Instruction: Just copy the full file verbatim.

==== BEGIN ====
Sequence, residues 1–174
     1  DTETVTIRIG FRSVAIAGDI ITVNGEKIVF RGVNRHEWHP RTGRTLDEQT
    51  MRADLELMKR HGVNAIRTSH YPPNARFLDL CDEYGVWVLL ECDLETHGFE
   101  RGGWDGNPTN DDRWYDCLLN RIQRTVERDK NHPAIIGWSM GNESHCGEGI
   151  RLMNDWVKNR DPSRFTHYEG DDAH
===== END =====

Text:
Sequence, residues 1–174
     1  DTETVTIRIG FRSVAIAGDI ITVNGEKIVF RGVNRHEWHP RTGRTLDEQT
    51  MRADLELMKR HGVNAIRTSH YPPNARFLDL CDEYGVWVLL ECDLETHGFE
   101  RGGWDGNPTN DDRWYDCLLN RIQRTVERDK NHPAIIGWSM GNESHCGEGI
   151  RLMNDWVKNR DPSRFTHYEG DDAH